If the answer turns out to be negative, one possible way forward would be to reconfigure NIF so that its lasers heat fuel capsules directly, rather than via a hohlraum. Cutting out the intermediate step would increase the energy applied to the capsule by a factor of 10, albeit at the probable cost of increased CBET and other laser-related sources of instability. Experiments on this “laser-driven direct drive” method are currently under way both at NIF and at smaller-scale laser facilities such as the University of Rochester’s Laboratory for Laser Energetics (LLE). Converting NIF to direct drive is “something we’re considering”, Hurricane says, but he adds that doing so would require new funding, since NIF’s lasers are not designed to produce a spherically symmetric laser field. Also, with current technology, results at the LLE suggest that direct-drive fusion experiments at a NIF-scale facility would come within a factor of two of the pressures required for ignition. This, as Chittenden points out, is similar to what NIF can do already.

Meanwhile, scientists in France are watching NIF’s progress with interest. The design of the Laser Mégajoule (LMJ) facility near Bordeaux is similar to NIF’s – Jean-Luc Miquel, programme leader for laser-plasma experiments at the LMJ, calls them “brother lasers” – and it will be capable of similar energies once it is fully operational. Currently, only 16 of the LMJ’s planned 176 beams are in use, with an additional 40 scheduled to come online by 2019. The final completion date will be sometime at the beginning of the next decade, with government funding and the needs of the French nuclear-weapons programme dictating the pace of progress. (Both the LMJ and NIF perform experiments on weapons physics in addition to ICF research, and the French programme draws little distinction between the two.) Currently, work at the LMJ is focused on lower-energy studies of hohlraum energetics, radiation transport and hydrodynamic instabilities, with more topics to be added as additional beams become available. “For us, ignition is the ultimate goal of the LMJ, but there is a lot of physics that can be addressed before then,” Miquel says.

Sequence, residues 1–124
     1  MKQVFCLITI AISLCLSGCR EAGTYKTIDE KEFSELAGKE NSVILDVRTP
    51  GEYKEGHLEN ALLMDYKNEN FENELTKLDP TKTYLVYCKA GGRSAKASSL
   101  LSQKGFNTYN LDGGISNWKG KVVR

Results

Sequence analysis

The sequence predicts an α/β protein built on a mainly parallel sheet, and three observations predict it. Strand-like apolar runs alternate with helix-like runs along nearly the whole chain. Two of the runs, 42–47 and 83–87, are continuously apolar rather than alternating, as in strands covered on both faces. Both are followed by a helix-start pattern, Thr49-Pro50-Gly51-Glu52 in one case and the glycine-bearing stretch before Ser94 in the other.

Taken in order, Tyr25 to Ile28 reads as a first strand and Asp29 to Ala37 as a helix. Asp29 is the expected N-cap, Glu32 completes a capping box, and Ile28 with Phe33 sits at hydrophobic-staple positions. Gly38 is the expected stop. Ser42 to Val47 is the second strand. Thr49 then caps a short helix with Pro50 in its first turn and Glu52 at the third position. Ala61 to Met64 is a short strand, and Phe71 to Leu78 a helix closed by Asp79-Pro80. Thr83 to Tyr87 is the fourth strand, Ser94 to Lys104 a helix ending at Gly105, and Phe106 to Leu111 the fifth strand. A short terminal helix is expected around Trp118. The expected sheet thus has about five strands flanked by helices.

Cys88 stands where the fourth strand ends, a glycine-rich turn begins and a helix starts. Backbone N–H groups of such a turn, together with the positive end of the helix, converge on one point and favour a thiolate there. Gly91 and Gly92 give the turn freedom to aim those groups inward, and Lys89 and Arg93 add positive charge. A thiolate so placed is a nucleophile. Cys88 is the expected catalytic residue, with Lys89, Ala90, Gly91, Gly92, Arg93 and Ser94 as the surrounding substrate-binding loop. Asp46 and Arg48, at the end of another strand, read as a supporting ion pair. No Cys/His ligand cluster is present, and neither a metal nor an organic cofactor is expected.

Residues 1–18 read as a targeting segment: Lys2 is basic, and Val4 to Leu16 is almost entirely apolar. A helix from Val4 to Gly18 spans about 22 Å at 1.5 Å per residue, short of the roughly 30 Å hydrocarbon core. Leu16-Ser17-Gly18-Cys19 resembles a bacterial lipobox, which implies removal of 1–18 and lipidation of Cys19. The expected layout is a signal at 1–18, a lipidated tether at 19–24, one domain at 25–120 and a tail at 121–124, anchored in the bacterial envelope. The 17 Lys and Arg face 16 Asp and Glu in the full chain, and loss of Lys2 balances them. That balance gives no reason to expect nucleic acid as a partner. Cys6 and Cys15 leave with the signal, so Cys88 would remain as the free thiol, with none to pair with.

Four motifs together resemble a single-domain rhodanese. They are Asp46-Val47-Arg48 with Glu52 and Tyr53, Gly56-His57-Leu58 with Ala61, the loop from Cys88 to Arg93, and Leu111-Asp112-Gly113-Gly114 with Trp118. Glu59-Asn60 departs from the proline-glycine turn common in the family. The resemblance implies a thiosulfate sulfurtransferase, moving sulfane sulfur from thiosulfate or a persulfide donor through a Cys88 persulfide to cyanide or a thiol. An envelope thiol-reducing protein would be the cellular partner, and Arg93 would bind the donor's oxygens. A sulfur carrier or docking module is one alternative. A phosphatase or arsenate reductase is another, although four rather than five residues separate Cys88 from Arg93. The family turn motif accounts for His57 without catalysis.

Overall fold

At other laboratories, ignition is even further away. A variant of ICF that uses magnetic fields to compress fuel is being pursued at the Sandia National Laboratory in New Mexico, but reaching ignition via this method would probably require a next-generation facility. An alternative laser-based approach, known as “fast ignition”, is being studied at the LLE and at Osaka University in Japan, with larger facilities planned that would determine whether promising results at low energies translate into ignition at high energies. Plans for even bigger lasers, on the 3–4 MJ scale, have also been put forward in both Russia and China. So far, however, these facilities exist only on paper.

For the moment, NIF remains the world’s best hope for ignition, and while the fevered expectations of 2012 have dissipated like a vaporized hohlraum, there is plenty of optimism left within the ICF community. “Looking at the history of ICF, quite often facilities have been built expecting to get ignition, and then more physics has been discovered, and they find out they are some way away,” Garbett says. “But NIF is really on the cusp.” In his own calm, deliberate way, Hurricane is also upbeat. “The fact that we can actually see problems that we have a chance of fixing gives me hope that we can make progress,” he says. “That’s a much better situation to be in than ‘It’s still not working, we can’t see anything wrong, and we don’t know what to do about it.’ It’s not going to be easy, it’s going to be a lot of work, and we’re going to have to fight for every bit of progress. But scientists like solving problems – it’s part of the job.”